Overall, A Crack in Time is amazing and yet another game I highly recommend to people (though because of story reasons, I would recommend playing a couple others first). Shoutouts to @JDINCINERATOR, @NeoCweeny, @Sentinel-Beach, @Nimbat1003, and @bruno_saurus!
NeoCweeny last edited by
A Crack in Time is a fantastic game. I will always have more fondness for the original PS2 trilogy but I can't deny that a Crack in Time is one of the best in the series gameplay wise.
#9: Spyro 2: Ripto’s Rage | 16 Points
#1: 1 (DIPSET)
#3: 1 (Sentinel Beach)
#5: 1 (NeoCweeny)
HM: 1 (Shoulderguy)
Release date: NA: November 2nd, 1999 | EU: November 5th, 1999
Publisher: Sony Computer Entertainment
Platform(s): PlayStation 1
Brannox last edited by Brannox
I was curious to see where any Spyro games placed and which we would see first. Of the 20 games I've played, Spryo 2 sits right in the middle at 10th overall. And despite being halfway, it's currently my 65th favorite game of all time.
For a while, of the original trilogy, it was my favorite. I really like Avalar and the hub worlds based around three of the four seasons are fun to explore, with interesting secrets. I'll never forget the feeling of discovering how to get atop the main tower in the 2nd hub world Autumn Plains because I rammed into a breakable wall I didn't know was breakable, or the time I decided to fall into the waterfall in the Winter Tundra to discover a secret cave with an Orb.
Overall, I feel the individual levels themselves get a little less interesting as you progress. I'm a fan of Glimmer, Colossus, and Hurricos, in Summer Forest, the warring worlds of Breeze Harbor and Zephyr in the Autumn Plains, and the futuristic Metropolis from Winter Tundra. But all the others don't grab me like many others across the other two games.
However, three areas that Spyro 2 improved upon the original are Bosses, Abilities to return to previous areas, and the story/characters. While the original does have bosses (One for each Dragon Realm), Spyro 2 made them an event, which I appreciate. I love how swimming (which was lethal in the first game), climbing ladders, and headbashing really integrated gems in two ways: You got to have gems to pay Moneybags for them, but you need to be thorough finding enough and once you've paid, you gotta go back to get more gems, orbs and keep up your count to purchase the next ability.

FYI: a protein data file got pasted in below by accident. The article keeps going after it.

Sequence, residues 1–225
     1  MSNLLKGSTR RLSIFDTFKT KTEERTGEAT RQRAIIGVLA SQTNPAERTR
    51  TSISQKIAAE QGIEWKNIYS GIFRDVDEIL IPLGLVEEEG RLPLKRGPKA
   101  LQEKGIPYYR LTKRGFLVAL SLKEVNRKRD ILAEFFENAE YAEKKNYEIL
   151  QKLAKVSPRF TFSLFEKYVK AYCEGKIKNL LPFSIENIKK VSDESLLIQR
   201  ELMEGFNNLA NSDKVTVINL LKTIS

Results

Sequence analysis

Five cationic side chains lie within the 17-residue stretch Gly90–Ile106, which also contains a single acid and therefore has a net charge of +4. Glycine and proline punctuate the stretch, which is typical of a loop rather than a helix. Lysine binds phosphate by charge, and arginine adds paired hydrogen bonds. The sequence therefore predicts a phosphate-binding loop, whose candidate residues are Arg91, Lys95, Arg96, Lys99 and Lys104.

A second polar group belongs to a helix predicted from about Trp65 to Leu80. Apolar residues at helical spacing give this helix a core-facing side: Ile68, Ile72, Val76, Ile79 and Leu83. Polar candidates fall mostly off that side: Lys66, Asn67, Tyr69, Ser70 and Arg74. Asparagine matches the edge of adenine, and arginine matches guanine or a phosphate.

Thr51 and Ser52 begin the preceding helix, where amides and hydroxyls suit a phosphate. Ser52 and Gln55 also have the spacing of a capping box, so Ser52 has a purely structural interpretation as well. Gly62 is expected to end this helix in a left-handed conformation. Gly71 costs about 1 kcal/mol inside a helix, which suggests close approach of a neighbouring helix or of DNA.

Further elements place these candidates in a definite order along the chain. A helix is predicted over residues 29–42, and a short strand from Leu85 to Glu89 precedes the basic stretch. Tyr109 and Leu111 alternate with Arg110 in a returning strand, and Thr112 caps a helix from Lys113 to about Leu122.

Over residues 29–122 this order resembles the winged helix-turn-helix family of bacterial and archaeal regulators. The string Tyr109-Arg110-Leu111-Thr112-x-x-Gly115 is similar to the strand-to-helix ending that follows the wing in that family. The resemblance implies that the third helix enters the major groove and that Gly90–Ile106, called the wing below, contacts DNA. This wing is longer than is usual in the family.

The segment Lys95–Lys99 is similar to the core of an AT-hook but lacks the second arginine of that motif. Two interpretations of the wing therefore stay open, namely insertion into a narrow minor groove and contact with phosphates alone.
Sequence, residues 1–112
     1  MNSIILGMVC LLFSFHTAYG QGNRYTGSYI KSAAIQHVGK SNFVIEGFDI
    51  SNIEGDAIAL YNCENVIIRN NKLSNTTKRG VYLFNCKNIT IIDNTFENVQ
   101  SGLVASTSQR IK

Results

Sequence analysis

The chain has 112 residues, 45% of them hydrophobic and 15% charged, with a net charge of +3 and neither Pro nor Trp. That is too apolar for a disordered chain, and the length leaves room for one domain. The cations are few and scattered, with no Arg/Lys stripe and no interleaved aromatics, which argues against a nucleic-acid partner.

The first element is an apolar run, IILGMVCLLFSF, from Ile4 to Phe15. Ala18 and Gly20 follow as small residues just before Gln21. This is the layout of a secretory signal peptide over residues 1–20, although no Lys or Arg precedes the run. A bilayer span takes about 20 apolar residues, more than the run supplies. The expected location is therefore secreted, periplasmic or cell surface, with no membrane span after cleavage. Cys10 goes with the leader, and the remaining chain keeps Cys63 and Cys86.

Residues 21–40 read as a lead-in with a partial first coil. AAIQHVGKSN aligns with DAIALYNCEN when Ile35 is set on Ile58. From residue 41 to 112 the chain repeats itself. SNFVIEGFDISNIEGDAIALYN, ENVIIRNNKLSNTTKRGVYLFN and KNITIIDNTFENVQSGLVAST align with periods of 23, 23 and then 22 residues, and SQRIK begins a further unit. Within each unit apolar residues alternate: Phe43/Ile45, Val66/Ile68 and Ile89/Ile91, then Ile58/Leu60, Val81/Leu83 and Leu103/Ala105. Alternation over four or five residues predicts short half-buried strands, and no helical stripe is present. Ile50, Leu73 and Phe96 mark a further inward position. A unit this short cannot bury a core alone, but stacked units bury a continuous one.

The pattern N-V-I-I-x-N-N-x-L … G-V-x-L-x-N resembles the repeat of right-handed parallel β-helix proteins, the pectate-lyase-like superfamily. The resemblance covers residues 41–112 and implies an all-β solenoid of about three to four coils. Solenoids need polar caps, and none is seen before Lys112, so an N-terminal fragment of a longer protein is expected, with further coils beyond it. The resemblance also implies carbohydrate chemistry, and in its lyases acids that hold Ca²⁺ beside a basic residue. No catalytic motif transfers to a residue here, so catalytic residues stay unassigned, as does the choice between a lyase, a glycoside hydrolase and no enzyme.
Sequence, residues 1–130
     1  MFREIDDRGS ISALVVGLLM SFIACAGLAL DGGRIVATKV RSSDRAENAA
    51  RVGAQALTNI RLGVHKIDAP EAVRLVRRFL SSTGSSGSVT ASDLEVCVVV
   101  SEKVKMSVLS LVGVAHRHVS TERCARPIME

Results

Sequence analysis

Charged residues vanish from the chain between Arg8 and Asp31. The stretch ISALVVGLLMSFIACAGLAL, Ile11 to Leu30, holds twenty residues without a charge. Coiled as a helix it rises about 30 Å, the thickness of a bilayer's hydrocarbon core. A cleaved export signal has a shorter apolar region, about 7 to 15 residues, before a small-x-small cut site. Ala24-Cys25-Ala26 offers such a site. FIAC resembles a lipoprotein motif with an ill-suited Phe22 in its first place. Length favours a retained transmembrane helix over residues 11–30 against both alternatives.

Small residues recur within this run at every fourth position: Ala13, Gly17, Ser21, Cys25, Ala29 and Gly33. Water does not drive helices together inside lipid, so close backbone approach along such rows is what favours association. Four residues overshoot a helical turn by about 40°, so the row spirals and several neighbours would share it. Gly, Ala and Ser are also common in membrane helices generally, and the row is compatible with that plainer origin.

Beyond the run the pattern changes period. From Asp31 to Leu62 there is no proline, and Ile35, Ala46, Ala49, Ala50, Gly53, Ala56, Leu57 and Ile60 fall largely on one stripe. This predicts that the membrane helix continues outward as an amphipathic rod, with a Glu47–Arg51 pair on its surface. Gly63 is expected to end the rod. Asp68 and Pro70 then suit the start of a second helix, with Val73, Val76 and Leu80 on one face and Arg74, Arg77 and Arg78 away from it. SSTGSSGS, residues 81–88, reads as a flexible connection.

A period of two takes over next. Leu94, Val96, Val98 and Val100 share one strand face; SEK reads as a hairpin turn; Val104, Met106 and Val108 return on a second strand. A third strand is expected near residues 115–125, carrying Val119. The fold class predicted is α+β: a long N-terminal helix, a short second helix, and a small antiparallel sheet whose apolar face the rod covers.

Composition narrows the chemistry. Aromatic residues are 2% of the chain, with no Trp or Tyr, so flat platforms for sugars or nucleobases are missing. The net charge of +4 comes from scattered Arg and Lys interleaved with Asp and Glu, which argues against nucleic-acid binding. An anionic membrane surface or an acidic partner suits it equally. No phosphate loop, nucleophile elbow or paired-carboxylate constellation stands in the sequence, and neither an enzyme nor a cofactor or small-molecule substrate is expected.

And of course the story. While the first is bare bones, this sequel introducing Hunter, Elora, and the Professor as fun Allies to thwart the contemptable Ripto is a nice addition to just going after Gnasty Gnorc. I think it's odd the Talisman quest stops 2/3rds of the way through, but it ultimately doesn't matter, because the actual act of playing and 100% completing it feels so good.
And gameplay being such a big improvement can't be overstated. In addition to the aforementioned swimming, climbing, and headbash, hovering is CRUCIAL in making flying much better. I love the original, but one of its biggest flaws is when gliding and you're juuuuuuuuuust short of a ledge and instead of implementing a slight boost, you drop straight down. As for 100%ing the game, the Guidebook does a great job of keeping everything ordered, showing you each level, how many gems and orbs you have, and the nifty ability to warp to levels you've previously visited, regardless of where you are. However, while Dragon Shores is a brief neat post-game place, it and the SuperFlame I feel are not satisfying rewards for finding everything in the game.
With the Reignited Trilogy, there's no better version/way to play this and the other original Spyro games, so while there's no need for me to ever go back to the original version, I still have fond memories of it from my childhood.
Ya know, writing all this out has me wishing Xbox will greenlight a Spyro 4 like how Crash got once the acquisition finalizes.
NeoCweeny last edited by
Spyro 2 is my least favorite in the trilogy. It's still an amazing game and has some memorable levels. I like that it's a lot different than the first game but I think the third one took every from Spyro 2 and made it better making Spyro 2 the least interesting game in the trilogy in retrospect.
Sentinel Beach last edited by
My favourite Spyro here, cool. Brannox actually said pretty much all that I would have. It's just one of the best PS1 games, I really really love it, and playing the Reignited Trilogy showed me that the magic is still there, no question about it. Autumn Plains with its atmospheric, calm music is my favourite place in the game.
Shoulderguy last edited by Shoulderguy
I've only played about two hours of the Spyro 2 remake and that was enough for it to receive my last Honorable Mention. I liked the first Spyro more, but Spyro 2 was still an enjoyable simple platformer and I definitely would consider revisiting it at some point. Since I haven't finished it, it's not ranked on my 1999 GOTY list.
#7: Spyro: Year of the Dragon | 17 Points
#1: 1 (NeoCweeny)
#2: 1 (DIPSET)
#4: 1 (Sentinel Beach)
Release date: NA: October 10th, 2000 | EU: November 10th, 2000
Publisher: Sony Computer Entertainment